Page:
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Can’t recall if I was praying or about to pass out…
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We were back at camp before noon, had some tea and food, and crashed out the best we could. That night our cook made us a feast, which included this cake!
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DAY 9 and 10 – BASCAMP to KORZOK VILLAGE and back to LEH

There’s no respite for the weary, however, so next day we were back up at 6 am and heading towards our camp at Korzok, the small settlement near the shore of Tso Moriri. We had walked somewhere around 125 kilometres. At 4550m Korzok is one of India’s highest year-round settlements. Except for an army base up-lake on the opposite shore, it is the only village near Tso Moriri. We had time that afternoon to visit the monastery and walk to the shore of Tso Moriri. The monks were having a water fight…

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Like Pangong Lake, Tso Moriri is said to be sacred. The lamas have forbidden fishing, and we saw no water recreation like swimming or boating on any of the lakes we visited. Frigid water aside, it’s also just not part of Ladahki culture.
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Finally, on our next day we had our last breakfast before getting picked up for the ride back to Leh.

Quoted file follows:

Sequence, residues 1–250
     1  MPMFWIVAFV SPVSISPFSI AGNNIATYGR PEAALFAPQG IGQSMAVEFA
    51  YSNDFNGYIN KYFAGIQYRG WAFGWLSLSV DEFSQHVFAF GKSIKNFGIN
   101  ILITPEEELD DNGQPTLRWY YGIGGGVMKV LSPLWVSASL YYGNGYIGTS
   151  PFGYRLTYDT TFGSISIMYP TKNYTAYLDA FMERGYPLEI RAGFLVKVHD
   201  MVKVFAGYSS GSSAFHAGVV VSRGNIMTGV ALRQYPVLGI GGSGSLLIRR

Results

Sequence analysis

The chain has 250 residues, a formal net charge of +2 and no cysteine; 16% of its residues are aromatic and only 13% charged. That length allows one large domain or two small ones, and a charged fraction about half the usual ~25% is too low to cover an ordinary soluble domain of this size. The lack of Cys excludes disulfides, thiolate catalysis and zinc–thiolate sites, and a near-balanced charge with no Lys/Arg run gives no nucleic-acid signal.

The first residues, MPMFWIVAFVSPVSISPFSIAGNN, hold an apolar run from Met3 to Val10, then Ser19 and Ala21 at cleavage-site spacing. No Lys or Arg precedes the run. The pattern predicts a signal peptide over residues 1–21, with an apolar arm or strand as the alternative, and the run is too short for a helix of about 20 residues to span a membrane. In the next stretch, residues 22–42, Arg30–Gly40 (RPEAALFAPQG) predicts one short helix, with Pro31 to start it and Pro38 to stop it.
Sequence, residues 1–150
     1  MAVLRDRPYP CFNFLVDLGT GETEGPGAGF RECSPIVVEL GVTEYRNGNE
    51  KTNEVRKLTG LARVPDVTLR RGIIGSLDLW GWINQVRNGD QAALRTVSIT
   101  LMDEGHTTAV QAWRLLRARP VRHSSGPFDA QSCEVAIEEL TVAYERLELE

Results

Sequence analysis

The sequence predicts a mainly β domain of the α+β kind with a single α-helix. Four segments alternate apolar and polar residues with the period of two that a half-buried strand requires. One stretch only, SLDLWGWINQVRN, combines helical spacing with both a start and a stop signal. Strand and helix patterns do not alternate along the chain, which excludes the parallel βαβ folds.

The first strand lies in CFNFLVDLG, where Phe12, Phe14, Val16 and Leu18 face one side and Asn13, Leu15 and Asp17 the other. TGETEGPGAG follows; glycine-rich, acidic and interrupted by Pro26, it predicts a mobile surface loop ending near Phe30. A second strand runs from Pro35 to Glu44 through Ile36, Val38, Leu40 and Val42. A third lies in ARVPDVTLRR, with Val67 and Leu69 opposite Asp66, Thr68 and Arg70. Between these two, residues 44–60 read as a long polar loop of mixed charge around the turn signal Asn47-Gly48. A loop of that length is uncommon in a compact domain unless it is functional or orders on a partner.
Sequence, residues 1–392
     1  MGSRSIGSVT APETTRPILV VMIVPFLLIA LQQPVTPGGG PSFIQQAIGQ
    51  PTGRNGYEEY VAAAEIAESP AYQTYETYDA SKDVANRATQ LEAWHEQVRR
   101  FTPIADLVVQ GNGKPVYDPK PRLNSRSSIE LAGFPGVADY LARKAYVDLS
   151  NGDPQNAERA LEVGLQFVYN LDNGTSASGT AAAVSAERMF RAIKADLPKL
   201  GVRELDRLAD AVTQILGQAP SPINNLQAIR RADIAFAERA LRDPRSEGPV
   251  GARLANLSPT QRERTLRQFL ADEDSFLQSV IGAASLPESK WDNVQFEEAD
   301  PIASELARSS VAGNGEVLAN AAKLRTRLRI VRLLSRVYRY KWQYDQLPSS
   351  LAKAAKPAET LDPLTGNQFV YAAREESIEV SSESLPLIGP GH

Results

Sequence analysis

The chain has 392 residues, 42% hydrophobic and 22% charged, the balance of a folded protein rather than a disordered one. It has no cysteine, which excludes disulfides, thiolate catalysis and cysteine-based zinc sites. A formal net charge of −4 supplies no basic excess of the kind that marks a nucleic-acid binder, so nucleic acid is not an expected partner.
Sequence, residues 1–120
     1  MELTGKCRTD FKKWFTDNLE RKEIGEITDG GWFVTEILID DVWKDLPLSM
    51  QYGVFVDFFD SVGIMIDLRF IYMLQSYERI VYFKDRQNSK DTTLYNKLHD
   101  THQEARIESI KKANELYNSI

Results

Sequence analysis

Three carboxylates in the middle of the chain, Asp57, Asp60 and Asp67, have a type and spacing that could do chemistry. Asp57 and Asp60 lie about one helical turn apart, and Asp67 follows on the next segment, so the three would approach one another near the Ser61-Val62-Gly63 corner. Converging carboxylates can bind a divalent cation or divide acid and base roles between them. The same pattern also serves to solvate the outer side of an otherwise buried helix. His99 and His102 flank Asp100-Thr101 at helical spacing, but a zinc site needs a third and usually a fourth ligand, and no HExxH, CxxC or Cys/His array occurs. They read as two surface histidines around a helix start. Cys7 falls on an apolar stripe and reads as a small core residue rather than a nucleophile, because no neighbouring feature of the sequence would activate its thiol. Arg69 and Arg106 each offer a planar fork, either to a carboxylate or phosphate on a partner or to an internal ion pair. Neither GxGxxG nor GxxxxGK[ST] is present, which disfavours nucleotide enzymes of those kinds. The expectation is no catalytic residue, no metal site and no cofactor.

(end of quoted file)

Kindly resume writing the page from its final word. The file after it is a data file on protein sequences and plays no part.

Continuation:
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We said goodbye to our second pony man.
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Of course, in India car trips almost never go as planned. When we got to the Indus River at Mahe, we learned it had flooded the road. We had to back track, and after crossing the bumpy Polo Kongka at 4929m we were back at Tso Kar. We drove out to the Leh-Manali road, crossed the 5350m Tanglang La for the second time, and dropped back into the Indus Valley, retracing part of the drive we’d taken three weeks earlier.

All in all, the Rumste to Tso Moriri trek was a great experience for us. While the weather could have been better, the scenery was beautiful and the people in our company truly respectful and friendly. After a couple days rest back in Leh, Carley and I would head out on a trip to Skok Kangri. 


Our Resources

Trekking in Ladakh is a great book to peruse before we left and the most up-to-date book on trekking in Ladakh available.  We took photos of the route information and maps so we wouldn’t have to carry it on the trek.  

We bought two maps for our Ladakh trip and found Ladakh and Zanskar – Trekking Map to be the most useful.  With a larger scale and elevation at major camps and villages, it was our main map. 

India: Ladakh-Zanskar by Nelles Maps came in handy too, and is worth the purchase if you are headed to Ladakh.